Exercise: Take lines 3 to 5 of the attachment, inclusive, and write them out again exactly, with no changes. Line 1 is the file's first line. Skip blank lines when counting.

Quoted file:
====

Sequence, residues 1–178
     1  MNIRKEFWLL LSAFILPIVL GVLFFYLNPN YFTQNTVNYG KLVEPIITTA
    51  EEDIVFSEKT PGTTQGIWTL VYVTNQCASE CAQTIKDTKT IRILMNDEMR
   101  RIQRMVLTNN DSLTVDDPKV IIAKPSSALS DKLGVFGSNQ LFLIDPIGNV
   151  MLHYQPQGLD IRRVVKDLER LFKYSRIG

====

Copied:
    51  EEDIVFSEKT PGTTQGIWTL VYVTNQCASE CAQTIKDTKT IRILMNDEMR
   101  RIQRMVLTNN DSLTVDDPKV IIAKPSSALS DKLGVFGSNQ LFLIDPIGNV
   151  MLHYQPQGLD IRRVVKDLER LFKYSRIG